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Int. Finance Corp. Names Imad N. Fakhoury Regional Director for South Asia

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IFC, a member of the World Bank Group, has appointed Imad N. Fakhoury as Regional Director for South Asia. Fakhoury, based in New Delhi, will lead IFC’s strategy and operations in the region, strengthening ties with the private sector, governments, and regional partners to enhance development outcomes.

Riccardo Puliti, IFC’s Regional Vice President for Asia and the Pacific, highlighted Fakhoury’s expertise in private capital mobilization for sustainable infrastructure and climate transitions, emphasizing the pivotal role in driving economic growth and job creation in South Asia. Puliti expressed confidence in Fakhoury’s leadership skills contributing to resilient economic growth.

IFC’s focus in South Asia encompasses strategic investments and advisory interventions across countries such as Bangladesh, Bhutan, India, the Maldives, Nepal, and Sri Lanka. The organization aims to foster inclusive sustainable growth, promote global and regional integration, strengthen capital markets, enhance competitiveness, and address gender disparities.

Imad N. Fakhoury emphasized the importance of private sector investment in achieving South Asia’s development goals amid global challenges. He stressed IFC’s commitment to offering innovative and scalable solutions for a greener, more inclusive, and resilient development model. Fakhoury outlined IFC’s dedication to creating opportunities, sustaining jobs, supporting climate goals, improving inclusion, and expanding digital and financial access in the region.

In the fiscal year 2023, IFC provided nearly $3.45 billion in long-term investments in South Asia, including $1.3 billion mobilized from other investors. Fakhoury acknowledged IFC’s commitment to climate investments and delivering impactful outcomes post-COP28. He expressed eagerness to collaborate with stakeholders, focusing on sustainable infrastructure, empowering small businesses, and facilitating public-private partnerships to enhance the region’s resilience.

Imad N. Fakhoury joined the World Bank Group in 2019 and previously served as Global Director for Infrastructure Finance, PPPs & Guarantees. Prior to his World Bank tenure, Fakhoury held ministerial positions in Jordan from 2010-2018, contributing significantly to flagship PPP transactions and national strategic infrastructure projects. Fakhoury holds degrees in Biomedical Engineering, Engineering Management, Public Policy, and an MBA.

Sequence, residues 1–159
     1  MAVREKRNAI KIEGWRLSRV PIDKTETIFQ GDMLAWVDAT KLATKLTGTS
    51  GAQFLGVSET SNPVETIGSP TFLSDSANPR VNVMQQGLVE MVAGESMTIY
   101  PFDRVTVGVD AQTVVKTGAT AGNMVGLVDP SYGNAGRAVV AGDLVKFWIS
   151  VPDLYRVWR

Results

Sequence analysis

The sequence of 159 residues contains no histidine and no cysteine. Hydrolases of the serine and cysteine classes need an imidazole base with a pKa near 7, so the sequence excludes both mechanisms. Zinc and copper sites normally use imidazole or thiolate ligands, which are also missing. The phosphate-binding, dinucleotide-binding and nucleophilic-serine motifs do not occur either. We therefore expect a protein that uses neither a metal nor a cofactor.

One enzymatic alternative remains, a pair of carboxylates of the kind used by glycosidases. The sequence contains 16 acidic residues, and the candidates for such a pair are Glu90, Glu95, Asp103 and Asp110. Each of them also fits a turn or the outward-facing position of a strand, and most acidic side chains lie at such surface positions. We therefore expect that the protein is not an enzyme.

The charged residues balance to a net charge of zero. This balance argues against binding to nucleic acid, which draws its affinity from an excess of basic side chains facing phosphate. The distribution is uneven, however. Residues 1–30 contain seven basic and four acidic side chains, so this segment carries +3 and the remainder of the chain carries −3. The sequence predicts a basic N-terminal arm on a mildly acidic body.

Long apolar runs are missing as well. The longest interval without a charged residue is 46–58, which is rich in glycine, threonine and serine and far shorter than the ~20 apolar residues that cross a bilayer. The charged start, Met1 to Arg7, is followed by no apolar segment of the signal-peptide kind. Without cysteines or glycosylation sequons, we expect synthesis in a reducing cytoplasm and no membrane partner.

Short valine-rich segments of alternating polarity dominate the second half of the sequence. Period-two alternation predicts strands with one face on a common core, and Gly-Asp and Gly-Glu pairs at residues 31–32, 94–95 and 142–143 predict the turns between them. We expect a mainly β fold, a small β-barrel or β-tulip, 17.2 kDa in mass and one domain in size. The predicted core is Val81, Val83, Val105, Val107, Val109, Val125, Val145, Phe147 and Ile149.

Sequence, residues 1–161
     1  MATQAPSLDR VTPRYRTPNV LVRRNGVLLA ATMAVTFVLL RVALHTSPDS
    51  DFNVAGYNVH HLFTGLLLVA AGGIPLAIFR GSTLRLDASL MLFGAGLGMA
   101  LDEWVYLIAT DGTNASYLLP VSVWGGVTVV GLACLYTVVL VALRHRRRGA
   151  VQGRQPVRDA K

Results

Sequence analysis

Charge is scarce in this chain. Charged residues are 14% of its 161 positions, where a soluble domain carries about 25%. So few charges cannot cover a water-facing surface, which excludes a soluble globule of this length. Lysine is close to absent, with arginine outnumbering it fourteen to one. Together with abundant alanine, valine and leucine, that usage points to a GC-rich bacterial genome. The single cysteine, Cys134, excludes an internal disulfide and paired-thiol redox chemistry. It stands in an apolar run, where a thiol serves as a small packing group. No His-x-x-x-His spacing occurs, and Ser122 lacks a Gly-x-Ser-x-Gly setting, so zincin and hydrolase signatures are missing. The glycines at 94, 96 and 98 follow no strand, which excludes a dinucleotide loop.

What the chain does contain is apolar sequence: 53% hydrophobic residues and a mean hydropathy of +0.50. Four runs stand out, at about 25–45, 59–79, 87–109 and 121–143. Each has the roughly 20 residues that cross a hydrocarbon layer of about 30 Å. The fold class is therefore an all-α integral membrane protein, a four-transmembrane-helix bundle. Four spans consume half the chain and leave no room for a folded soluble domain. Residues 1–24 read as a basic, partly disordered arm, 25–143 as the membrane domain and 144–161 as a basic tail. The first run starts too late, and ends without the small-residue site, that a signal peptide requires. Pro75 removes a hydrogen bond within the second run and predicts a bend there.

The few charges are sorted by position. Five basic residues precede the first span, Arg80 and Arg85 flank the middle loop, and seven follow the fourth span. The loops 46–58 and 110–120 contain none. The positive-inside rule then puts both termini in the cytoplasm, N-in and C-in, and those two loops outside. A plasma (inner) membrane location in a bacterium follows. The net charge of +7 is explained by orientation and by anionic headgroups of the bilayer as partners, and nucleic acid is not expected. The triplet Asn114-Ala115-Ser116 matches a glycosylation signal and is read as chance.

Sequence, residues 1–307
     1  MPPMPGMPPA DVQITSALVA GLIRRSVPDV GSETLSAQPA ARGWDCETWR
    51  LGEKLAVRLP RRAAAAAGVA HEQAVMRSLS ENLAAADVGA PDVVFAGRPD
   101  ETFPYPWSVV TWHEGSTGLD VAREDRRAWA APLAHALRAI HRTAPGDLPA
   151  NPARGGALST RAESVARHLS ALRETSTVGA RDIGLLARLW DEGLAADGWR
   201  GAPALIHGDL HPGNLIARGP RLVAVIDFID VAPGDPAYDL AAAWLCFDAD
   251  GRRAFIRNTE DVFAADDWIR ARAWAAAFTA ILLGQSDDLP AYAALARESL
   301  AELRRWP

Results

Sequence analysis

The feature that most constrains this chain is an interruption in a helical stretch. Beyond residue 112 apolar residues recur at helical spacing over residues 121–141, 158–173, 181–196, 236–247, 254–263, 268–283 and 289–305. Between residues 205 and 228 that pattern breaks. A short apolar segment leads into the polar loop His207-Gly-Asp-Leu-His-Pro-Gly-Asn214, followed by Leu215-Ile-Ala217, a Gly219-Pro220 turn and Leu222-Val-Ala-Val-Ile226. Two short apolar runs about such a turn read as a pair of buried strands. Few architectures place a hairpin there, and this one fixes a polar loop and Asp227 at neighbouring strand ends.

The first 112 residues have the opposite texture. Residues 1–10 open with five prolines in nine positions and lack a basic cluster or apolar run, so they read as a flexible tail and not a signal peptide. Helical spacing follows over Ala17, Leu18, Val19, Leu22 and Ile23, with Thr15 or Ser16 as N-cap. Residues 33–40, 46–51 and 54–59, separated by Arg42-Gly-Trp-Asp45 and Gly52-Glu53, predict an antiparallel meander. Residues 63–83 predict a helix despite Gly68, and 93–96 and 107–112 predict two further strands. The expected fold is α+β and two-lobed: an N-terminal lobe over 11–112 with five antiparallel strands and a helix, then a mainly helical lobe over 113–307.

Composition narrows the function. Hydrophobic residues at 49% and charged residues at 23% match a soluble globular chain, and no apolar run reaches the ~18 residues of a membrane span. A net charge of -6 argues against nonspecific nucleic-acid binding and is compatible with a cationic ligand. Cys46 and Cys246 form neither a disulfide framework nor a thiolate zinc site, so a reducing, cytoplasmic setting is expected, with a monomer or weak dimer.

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Prime Bank Receives Bancassurance Approval from Cenbank

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Prime Bank PLC has recently received Bancassurance Business commencement approval from Bangladesh Bank.

Mohammad Shahriar Siddiqui, director, BRPD, Bangladesh Bank handed over the approval letter to Nazeem A Choudhury, deputy managing director – consumer banking of Prime Bank PLC, at a ceremony held at Bangladesh Bank recently.

Mohammad Ashfaqur Rahman, additional director, BRPD, Bangladesh Bank, Ashraful Alam, joint director, BRPD, Bangladesh Bank, Miah Mohammad Rabiul Hasan, chief bancassurance officer, Prime Bank PLC were also present at the ceremony.

Bancassurance is a partnership between a bank and insurance company that will allow a Bank to sell insurance products of the insurance company through its distribution channels.

To offer a wide range of products to its customers and ensure best in class service, Prime Bank has partnered with leading insurance companies National Life Insurance Company Ltd. and Reliance Insurance Ltd.

Being one of the leading banks of the country, Prime Bank hopes to cater to the needs of insurance requirements of its customers through Bancassurance, in Bangladesh market.

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Cenbank goes back to tightening loan classification rules

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The Bangladesh Bank has finally reinstated its loan classification rule of 2012 by cutting the overdue time of a term loan by three months in line with the international practice in response to the condition set by the International Monetary Fund (IMF) as part of a $4.7 billion loan package.

A term loan will be treated as overdue after three months of non-payment from fixed expiry date for repayment, down from existing six months, according to Bangladesh Bank circular.

Besides, the classification period after the overdue timeframe has been kept unchanged at three months, which means a loan will be treated as default in six months after the fixed expiry date for repayment from existing nine months.

This is the first phase of the new rule which will come into effect from 30 September 2024.

In the second phase, the loan will be treated as overdue from the following day of fixed expiry date of repayment from 31 March 2025, which means the account will come under classification in three months of non-payment.

However, in another circular, the central bank addressed the pressure of rising loan costs, instructing banks not to extend instalment size of borrowers.

Banks have also been asked to extend tenure of industrial term loans and house finance taken before July 2023 to adjust the increased loan costs caused by rising lending rates.

Mustafa K Mujeri, former director general of Bangladesh Institute of Development Studies, welcomed the decision, stating that it would encourage customers to pay in instalments.

“However, the instalment amount should have been left to the bank-customer relationship. It will not work if the central intervenes in all cases. Banks should be given freedom over instalment amount and extension of loan tenure,” he added.

Emranul Huq, managing director and CEO of Dhaka Bank, said banks stand to benefit from reducing loan overdue periods.

“Extending deadlines often leads customers to delay repayments unnecessarily. Shorter loan durations facilitate quicker recovery, reduce Non-Performing Loans (NPLs), and enhance the banking sector’s liquidity,” he added.